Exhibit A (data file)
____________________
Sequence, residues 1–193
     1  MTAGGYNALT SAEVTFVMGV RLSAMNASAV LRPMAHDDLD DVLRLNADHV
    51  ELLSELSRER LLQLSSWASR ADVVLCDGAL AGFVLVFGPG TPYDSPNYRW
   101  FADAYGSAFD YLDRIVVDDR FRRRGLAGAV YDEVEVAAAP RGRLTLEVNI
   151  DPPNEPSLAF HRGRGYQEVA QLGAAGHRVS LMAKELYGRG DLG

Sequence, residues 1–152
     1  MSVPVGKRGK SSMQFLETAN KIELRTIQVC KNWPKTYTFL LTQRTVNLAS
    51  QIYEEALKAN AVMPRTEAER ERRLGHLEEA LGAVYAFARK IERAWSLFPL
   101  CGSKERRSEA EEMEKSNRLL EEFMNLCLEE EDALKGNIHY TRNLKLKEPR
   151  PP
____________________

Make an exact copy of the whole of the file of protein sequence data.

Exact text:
Sequence, residues 1–193
     1  MTAGGYNALT SAEVTFVMGV RLSAMNASAV LRPMAHDDLD DVLRLNADHV
    51  ELLSELSRER LLQLSSWASR ADVVLCDGAL AGFVLVFGPG TPYDSPNYRW
   101  FADAYGSAFD YLDRIVVDDR FRRRGLAGAV YDEVEVAAAP RGRLTLEVNI
   151  DPPNEPSLAF HRGRGYQEVA QLGAAGHRVS LMAKELYGRG DLG

Sequence, residues 1–152
     1  MSVPVGKRGK SSMQFLETAN KIELRTIQVC KNWPKTYTFL LTQRTVNLAS
    51  QIYEEALKAN AVMPRTEAER ERRLGHLEEA LGAVYAFARK IERAWSLFPL
   101  CGSKERRSEA EEMEKSNRLL EEFMNLCLEE EDALKGNIHY TRNLKLKEPR
   151  PP